John Hageman covers North Dakota politics from the Forum News Service bureau in Bismarck. He attended the University of Minnesota in the Twin Cities, where he studied journalism and political science, and he previously worked at the Grand Forks Herald and Bemidji Pioneer.
- Member for
- 5 years 5 months
BEMIDJI — The city of Bemidji says the significant amount of grease cleaned out of its stormwater system last month was the result of it being illegally dumped there by Toasty Beaver’s Sports Bar and Grill. But the attorney for the bar, located at 114 Third Street Northwest, said any grease that ended up in the system was not put there intentionally, despite eyewitness accounts alleging otherwise.
BEMIDJI —A water main break near the Bemidji State University campus temporarily closed the road above Tuesday. The break was reported Tuesday morning on 23rd Street Northeast, and by 10:30 a.m., crews were digging up the street. The road was closed between Birchmont Drive Northeast and Calihan Avenue Northeast.
BEMIDJI —Upstream TV will soon have new equipment. The Bemidji City Council voted unanimously Monday night to approve almost $20,000 worth of new equipment for the nonprofit public access station. Representatives from Upstream went before the city’s Public Affairs Committee on April 15, where the committee recommended the council approve the request. The equipment request included a new camera, editing computers, microphones and a tripod.
BEMIDJI —Sanford Center management is exploring the possibility of bringing an indoor football team to Bemidji. Curtis Webb, the center’s executive director, said he has reached out to Robert Loving, the commissioner of the Indoor Football League about the possibility.
BEMIDJI —The Bemidji City Council will hold a public hearing on its storm water pollution prevention program during its regular meeting 7 p.m.
BEMIDJI — The large windows of 401 Beltrami Ave. are covered in brown paper. The only hints to what’s going on behind the obscured panes are written on an orange building permit and a banner that both read "Bemidji Brewing Co." Inside, the three main members of the Bemidji Brewing team are preparing the space on the corner of Beltrami Avenue and Fourth Street to open their brewery and taproom, potentially by mid-summer. "The whole team’s really excited. It’s been an incredible process so far," said Justin Kaney, one of the founding members of Bemidji Brewing.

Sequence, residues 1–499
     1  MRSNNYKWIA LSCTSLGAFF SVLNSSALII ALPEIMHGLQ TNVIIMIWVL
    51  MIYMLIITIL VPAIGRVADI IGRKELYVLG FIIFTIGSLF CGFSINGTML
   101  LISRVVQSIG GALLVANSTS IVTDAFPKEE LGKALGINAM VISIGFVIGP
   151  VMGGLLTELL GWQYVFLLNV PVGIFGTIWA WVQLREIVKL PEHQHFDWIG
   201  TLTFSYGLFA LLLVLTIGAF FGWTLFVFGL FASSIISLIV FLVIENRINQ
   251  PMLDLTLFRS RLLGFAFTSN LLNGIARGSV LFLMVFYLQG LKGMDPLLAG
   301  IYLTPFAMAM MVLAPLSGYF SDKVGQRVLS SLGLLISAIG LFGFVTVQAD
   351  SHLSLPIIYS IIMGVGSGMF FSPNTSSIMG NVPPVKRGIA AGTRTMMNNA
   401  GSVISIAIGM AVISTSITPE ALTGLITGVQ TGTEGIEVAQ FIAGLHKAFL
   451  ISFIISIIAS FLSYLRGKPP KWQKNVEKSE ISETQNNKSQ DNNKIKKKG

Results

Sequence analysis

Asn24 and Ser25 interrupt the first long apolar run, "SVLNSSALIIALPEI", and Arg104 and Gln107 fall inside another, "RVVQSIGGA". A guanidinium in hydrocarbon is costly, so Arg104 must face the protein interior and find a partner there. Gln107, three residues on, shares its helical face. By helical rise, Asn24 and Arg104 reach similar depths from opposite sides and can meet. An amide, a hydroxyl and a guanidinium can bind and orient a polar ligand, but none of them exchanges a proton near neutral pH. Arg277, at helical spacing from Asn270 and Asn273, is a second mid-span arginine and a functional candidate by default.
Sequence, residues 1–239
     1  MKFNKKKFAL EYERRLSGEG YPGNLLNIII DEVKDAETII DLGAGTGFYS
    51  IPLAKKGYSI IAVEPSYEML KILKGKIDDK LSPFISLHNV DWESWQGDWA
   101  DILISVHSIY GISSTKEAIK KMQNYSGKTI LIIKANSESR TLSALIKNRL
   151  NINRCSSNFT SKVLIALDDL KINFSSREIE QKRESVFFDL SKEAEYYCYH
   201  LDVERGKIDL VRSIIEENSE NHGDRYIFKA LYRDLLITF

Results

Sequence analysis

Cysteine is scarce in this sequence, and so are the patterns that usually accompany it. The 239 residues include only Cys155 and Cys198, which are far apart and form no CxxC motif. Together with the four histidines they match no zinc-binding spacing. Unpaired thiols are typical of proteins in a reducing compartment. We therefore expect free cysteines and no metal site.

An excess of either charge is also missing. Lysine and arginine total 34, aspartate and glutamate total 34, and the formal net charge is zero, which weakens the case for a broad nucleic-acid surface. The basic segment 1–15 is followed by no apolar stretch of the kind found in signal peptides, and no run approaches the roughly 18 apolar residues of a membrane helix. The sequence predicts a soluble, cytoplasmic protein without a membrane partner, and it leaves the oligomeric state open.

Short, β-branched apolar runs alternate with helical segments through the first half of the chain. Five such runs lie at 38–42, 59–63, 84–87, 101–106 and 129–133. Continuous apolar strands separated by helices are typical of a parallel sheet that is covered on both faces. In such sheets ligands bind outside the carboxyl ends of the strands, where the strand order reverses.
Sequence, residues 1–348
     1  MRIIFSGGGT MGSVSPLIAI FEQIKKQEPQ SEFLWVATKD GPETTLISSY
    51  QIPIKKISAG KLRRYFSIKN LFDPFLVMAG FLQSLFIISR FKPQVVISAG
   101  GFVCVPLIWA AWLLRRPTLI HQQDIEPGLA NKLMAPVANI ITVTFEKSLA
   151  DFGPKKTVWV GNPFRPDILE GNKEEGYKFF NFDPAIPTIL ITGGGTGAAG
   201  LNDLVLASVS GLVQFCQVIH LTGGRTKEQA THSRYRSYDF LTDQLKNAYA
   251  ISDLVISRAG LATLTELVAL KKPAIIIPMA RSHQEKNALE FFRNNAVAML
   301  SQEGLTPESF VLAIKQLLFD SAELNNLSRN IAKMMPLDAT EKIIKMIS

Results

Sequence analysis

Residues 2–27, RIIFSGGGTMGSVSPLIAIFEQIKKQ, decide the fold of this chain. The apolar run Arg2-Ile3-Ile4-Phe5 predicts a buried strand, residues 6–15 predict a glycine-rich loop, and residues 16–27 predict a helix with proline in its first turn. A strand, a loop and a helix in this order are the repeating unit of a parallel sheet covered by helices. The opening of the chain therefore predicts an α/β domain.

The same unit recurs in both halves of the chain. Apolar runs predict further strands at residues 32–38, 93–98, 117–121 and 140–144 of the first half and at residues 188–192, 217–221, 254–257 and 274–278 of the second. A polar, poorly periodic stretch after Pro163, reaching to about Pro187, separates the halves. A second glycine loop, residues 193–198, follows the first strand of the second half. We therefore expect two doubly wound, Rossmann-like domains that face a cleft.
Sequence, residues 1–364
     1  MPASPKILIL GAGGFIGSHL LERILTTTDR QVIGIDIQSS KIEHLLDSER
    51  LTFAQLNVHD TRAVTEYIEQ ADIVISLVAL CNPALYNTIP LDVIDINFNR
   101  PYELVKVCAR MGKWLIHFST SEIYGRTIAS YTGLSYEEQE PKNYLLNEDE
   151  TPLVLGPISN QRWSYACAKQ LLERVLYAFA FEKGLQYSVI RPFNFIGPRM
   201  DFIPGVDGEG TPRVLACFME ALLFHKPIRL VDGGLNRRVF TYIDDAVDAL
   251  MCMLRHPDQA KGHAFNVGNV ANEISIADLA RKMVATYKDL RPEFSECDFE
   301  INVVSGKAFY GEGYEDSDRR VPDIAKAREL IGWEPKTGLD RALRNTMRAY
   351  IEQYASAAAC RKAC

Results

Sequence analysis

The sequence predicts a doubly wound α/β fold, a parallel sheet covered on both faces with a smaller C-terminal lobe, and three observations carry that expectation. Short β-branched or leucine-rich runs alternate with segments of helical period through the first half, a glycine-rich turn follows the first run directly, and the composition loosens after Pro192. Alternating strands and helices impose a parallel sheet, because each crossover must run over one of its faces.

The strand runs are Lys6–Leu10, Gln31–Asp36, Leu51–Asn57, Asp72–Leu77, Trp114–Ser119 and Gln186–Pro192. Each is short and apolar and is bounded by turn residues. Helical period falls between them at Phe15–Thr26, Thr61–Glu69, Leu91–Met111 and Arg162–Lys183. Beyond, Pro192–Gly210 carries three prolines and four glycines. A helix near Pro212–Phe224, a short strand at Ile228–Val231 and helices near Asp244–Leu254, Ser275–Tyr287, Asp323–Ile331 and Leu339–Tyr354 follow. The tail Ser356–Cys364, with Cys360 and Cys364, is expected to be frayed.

BEMIDJI —The counter at the Save Tobacco Super Store is an unlikely forum for political debate. But these days, customers are talking —and often at length —about the state Legislature’s plan to increase taxes on cigarettes and other tobacco products. “It sucks,” says one loyal shopper. A flyer hangs off of the register nearby, urging customers to contact legislators and oppose a tax increase.
BEMIDJI -- It's a Saturday night and the Blue Ox is packed. Two Minneapolis-based bands --the Color Pharmacy and the 4onthefloor -- are in town. The following weekend, a similar-sized audience arrived in anticipation for local band Uncle Shurley to hit the stage. Nate Larson had a hand in both shows, albeit in different roles. Larson, a percussionist for Uncle Shurley as well as the Seasonals, has booked shows for the Blue Ox Bar and Grill on and off for the past few years, helping to bring some major acts into Bemidji.
BEMIDJI —A dispute over the Bemidji area’s annexation agreement was the subject of a mediation session Wednesday night. But what was discussed there is unknown. Jim Thomson, a Twin Cities-based lawyer representing the city of Bemidji in a dispute with Bemidji Township, acknowledged a meditation session took place but couldn’t discuss what happened. The Bemidji City Council will have a closed meeting Monday night to discuss the pending litigation with the township.
BEMIDJI —Ron Kinn isn’t sure how the Turtle River town board is going to compensate for the extra snowplowing costs from this winter season. “We’re just going to have to take a look at it, and maybe we’ll have to cut back on some of our other maintenance to make it up,” said Kinn, the town board’s chairman. “Because that’s about the only thing we can do.”